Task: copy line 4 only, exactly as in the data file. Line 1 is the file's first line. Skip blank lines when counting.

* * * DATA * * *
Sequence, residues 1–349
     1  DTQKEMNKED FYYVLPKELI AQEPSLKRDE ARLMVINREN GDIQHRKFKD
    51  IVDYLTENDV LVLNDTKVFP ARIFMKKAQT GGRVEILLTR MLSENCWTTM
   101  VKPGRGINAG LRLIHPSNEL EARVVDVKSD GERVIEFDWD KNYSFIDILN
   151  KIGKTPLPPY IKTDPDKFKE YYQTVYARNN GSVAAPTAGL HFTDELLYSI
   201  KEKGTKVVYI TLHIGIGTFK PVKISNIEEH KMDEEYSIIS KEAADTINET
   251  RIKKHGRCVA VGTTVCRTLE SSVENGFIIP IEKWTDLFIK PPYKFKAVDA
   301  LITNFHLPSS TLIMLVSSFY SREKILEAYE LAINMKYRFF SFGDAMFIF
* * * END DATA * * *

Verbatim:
   101  VKPGRGINAG LRLIHPSNEL EARVVDVKSD GERVIEFDWD KNYSFIDILN